Importance of ESG

The Importance of ESG

For many executives and investors, the acronym ESG (environmental, social, governance) is inextricably bound up with issues of the environment and climate. These are both crucial considerations of corporate ESG policy but are by no means the only ones. ESG also covers a broad range of other issues related to data security, talent acquisition, labor relations, and product safety. It is about much more than the company’s broader commitment to sustainability.

ESG, however, remains mired in mystery. Corporate executives often do not have a full comprehension of what the concept entails, its importance, or even how to implement various aspects of it in their company.

At a fundamental level, ESG is about managing risk. Company directors need to take to principles contained in ESG and then channel them to enhance the success of their organizations. Ideally, the ideological element should be absent. While some directors will love the idea of progressive politics filtering down into the business world and others hate it, ESG is a contextual reality for companies. They must react to the changing nature of social norms in whatever capacity they can or face elevated risks.

What Are The Advantages Of Being ESG-Aware?

You could choose to ignore ESG factors and continue with business as usual, but doing that will likely put your firm at a disadvantage. Being ESG-aware, as executives are now discovering, comes with a plethora of benefits. We’re entering a world in which being “socially aware” and having “social purpose” is a driving force behind business success.

ESG was once a fringe concept, tied up with brands that focused exclusively on sustainability, like Tesla, but it is now filtering down into practically every corner of the economy. Whether you love or loathe the political ideology driving these changes, there’s no doubt that it presents substantial opportunities to company owners and executives. ESG is becoming an important set of issues to consider when making strategic decisions at the board level.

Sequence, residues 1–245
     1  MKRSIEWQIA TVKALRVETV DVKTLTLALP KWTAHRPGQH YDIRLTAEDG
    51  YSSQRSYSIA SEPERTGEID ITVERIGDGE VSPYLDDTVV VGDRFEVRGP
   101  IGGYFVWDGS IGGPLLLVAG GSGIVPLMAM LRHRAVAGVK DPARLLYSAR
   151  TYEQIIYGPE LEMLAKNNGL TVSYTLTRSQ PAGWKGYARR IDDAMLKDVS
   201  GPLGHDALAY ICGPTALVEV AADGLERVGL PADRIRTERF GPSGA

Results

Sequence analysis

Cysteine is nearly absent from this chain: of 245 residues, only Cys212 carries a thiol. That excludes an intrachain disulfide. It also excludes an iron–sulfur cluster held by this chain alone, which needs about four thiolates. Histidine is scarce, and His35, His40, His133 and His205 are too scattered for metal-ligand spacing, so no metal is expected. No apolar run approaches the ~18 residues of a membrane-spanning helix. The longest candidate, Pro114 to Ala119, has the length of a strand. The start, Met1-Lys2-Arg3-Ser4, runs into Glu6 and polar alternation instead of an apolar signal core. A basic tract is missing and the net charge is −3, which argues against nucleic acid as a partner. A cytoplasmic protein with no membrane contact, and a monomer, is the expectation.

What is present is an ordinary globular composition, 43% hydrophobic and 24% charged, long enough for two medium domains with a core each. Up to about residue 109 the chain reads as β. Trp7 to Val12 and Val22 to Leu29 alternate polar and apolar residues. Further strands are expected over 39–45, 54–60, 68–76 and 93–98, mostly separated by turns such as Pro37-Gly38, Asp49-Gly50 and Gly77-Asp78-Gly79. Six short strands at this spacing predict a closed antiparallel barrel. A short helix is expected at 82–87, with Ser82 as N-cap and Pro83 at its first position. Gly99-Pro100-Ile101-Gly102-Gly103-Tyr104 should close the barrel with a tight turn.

Company leaders, however, shouldn’t interpret ESG policy as yet another drag on the profitability of their firms or yet more regulations with which to comply. While that is the distinct tone of the ESG, it tends to work in a company’s favor to take account of environmental, social, and governance issues when making decisions, as you’ll see below. Adopting a pro-ESG stance can help firms enormously.

Here are some of the advantages of being ESG aware:

Investors Are Becoming More Concerned About ESG Issues

If you want to raise equity with modern investors, you need to convince them that your company is, overall, doing good in the world. The more you can prove your ESG credentials in the marketplace, the higher the premium you’ll garner for each share you sell, all things held equal.

Thus, the people investing in your company want to see evidence that you’re taking steps to protect the environment, look after your employees, and protect customer data. They don’t appreciate cavalier capitalism that prioritizes shareholder returns above all else. Investors would often prefer to take a small haircut than work with executives who single-mindedly focus on the bottom line.

Companies With High ESG Scores Can Get Capital Cheaper

You might believe that complying with the spirit of ESG is costly and that it will ultimately undermine the profitability of your company, but that isn’t always how it works. In reality, the most progressive companies are those with the lowest borrowing costs, not the other way around. Data from Bank of America Merrill Lynch puts the cost of borrowing for the most ESG-compliant firms at under a third of that of those with the worst records.